Do you know your ancestry? While all humans beings have their own varying histories, many are held together by one ancestral truth. They are all partly Neanderthals! A new Neanderthal woman has been found in Croatia, and the tests being performed on her are changing the way scientists perceive human genealogy.
This discovery may be more impactful news for humans that originated outside of Africa. For those who migrated out of Africa, scientists have cause to believe that Neanderthal DNA accounts for 1.8 to 2.6 percent of their DNA! Considering that the common belief had been that Neanderthals accounted for 1.5 to 2.1 percent, this new knowledge is a great leap forward in understanding the way that evolution and ancestry shape the life of the modern human. The genes that Neanderthals contributed to the modern human may affect cholesterol, mental health, body fat levels, and more. Don’t be too alarmed about the potential negative side effects of sharing Neanderthal DNA, though. The lead author on the study, Kay Prüfer, clarified that Neanderthal DNA is not definitively bad for your health. He said, “We find one variant that is associated with LDL cholesterol, and the variant we got from Neanderthals is associated with lower LDL cholesterol.” So, rest assured. Neanderthal DNA does not mean you will have certain health issues. It only means that you can.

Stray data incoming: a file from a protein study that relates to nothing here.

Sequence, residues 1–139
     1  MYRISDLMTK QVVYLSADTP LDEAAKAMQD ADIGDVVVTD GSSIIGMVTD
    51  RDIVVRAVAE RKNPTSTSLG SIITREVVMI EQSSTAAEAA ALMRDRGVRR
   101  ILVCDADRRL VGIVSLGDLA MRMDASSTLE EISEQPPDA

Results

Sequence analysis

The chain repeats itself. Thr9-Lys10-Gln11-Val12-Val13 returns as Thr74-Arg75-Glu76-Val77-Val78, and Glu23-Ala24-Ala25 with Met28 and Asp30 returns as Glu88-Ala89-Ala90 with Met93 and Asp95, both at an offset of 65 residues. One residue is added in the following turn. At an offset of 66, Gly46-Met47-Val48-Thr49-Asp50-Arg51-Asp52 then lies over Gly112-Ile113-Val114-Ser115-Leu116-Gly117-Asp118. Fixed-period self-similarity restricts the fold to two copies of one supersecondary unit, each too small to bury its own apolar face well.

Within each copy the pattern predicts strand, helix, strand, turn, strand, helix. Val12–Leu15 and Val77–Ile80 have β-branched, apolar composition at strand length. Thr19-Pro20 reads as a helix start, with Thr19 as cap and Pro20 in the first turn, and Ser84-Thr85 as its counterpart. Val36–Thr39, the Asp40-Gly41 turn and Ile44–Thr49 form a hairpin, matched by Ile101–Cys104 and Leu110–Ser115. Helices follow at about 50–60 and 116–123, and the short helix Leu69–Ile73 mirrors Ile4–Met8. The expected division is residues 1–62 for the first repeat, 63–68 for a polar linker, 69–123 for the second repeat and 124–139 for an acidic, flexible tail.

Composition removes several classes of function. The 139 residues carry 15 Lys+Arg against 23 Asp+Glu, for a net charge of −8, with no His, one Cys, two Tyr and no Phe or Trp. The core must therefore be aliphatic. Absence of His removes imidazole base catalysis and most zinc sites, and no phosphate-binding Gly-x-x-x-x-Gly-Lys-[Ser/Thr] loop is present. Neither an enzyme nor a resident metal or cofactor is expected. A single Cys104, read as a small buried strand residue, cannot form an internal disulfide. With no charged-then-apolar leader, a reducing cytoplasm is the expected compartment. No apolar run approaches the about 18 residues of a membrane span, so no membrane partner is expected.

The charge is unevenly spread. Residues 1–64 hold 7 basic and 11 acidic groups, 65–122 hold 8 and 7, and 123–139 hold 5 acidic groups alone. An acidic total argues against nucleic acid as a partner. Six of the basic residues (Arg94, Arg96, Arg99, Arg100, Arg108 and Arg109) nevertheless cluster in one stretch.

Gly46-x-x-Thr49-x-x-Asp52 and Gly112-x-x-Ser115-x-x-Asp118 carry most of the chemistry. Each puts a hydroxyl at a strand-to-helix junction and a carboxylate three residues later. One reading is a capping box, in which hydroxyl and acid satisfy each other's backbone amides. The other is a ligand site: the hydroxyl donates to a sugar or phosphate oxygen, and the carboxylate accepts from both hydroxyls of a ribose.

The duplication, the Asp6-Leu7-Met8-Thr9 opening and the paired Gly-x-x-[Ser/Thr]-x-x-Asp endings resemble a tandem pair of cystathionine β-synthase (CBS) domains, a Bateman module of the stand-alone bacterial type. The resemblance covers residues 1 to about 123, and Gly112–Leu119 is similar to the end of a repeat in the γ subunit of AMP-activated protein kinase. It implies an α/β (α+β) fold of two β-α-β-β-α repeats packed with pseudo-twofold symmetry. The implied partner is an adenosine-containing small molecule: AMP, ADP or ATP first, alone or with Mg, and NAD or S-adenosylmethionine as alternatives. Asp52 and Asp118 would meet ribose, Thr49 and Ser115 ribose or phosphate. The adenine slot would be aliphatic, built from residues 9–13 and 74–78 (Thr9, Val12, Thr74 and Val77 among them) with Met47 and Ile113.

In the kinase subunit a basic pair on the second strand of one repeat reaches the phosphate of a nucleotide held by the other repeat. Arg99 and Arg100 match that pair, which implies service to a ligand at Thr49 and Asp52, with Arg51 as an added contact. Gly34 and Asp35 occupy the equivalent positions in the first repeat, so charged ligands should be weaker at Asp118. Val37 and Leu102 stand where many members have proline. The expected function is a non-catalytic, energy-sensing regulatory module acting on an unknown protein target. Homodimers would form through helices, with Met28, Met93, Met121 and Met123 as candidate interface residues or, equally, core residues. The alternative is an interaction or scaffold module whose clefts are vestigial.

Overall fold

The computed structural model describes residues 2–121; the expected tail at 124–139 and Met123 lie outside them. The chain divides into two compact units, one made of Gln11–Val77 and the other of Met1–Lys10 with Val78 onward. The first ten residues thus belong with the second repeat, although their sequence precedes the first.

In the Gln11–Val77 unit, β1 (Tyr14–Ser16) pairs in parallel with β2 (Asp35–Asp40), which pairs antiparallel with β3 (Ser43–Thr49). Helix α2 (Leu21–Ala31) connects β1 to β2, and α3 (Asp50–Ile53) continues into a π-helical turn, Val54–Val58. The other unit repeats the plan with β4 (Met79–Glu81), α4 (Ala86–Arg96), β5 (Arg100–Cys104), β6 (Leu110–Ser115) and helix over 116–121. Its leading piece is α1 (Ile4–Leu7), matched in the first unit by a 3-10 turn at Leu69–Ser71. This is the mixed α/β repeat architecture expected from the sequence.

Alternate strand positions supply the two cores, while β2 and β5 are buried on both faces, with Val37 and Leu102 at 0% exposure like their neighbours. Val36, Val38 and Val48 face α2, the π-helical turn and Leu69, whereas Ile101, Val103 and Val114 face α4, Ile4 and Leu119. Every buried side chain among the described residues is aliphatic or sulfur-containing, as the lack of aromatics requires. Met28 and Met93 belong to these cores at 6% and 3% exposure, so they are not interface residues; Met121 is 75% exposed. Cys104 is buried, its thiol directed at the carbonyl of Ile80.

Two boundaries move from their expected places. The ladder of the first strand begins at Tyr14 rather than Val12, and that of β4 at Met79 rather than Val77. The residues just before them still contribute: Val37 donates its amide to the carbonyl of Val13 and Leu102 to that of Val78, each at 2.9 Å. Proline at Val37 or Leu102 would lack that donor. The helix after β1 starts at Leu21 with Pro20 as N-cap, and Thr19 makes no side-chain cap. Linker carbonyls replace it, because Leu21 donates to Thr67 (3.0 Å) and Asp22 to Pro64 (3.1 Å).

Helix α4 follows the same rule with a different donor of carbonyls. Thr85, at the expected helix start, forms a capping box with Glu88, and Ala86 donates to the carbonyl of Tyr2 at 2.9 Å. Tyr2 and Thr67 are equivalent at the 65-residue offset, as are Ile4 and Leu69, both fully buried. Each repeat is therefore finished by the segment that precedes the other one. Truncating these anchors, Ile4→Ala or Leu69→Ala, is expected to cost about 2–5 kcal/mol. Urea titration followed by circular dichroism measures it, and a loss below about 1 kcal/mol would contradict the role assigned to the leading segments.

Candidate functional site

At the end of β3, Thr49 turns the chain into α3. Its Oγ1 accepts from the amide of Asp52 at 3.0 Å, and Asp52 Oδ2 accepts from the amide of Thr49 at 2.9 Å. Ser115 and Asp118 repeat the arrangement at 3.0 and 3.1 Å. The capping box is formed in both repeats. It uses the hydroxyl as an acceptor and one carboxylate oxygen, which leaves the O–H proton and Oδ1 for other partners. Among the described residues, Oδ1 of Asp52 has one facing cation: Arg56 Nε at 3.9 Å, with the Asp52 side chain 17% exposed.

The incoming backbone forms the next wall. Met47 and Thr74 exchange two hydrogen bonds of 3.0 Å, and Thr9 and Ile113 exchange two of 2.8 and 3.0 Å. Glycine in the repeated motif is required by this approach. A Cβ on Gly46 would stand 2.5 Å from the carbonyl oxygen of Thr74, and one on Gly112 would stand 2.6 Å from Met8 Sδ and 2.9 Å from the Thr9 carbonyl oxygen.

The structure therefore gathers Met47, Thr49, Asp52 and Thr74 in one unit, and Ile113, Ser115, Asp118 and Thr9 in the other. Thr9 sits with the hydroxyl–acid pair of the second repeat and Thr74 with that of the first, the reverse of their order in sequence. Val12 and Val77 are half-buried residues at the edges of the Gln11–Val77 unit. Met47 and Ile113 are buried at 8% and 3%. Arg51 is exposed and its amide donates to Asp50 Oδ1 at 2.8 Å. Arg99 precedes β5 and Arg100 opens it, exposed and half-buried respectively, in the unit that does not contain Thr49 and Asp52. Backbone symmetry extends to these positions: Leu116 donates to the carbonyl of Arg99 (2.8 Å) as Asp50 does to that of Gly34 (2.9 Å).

These studies are not only teaching scientists about humans, though. By comparing the bone fragments of the Neanderthal found in Croatia with another Neanderthal found in Siberia, scientists discovered that Neanderthals are extremely similar in DNA to one another. Despite being from different parts of the world, both Neanderthals had strikingly close DNA structure. This closeness in DNA is most likely a cause of a small population. All of this information sheds a light on the low density of the Neanderthal population as well as their way of living.
While this discovery has greatly reshaped the way that we view modern human DNA, research on Neanderthals persists. Scientists hope to find even more information that will teach people about the history of Neanderthals as well as their influence on the human race.